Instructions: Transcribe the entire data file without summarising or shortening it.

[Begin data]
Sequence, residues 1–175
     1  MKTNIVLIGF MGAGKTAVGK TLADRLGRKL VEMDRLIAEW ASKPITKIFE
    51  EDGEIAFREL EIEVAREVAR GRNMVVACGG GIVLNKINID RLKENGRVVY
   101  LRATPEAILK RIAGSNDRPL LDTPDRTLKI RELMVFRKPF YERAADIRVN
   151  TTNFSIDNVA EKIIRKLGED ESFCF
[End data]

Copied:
Sequence, residues 1–175
     1  MKTNIVLIGF MGAGKTAVGK TLADRLGRKL VEMDRLIAEW ASKPITKIFE
    51  EDGEIAFREL EIEVAREVAR GRNMVVACGG GIVLNKINID RLKENGRVVY
   101  LRATPEAILK RIAGSNDRPL LDTPDRTLKI RELMVFRKPF YERAADIRVN
   151  TTNFSIDNVA EKIIRKLGED ESFCF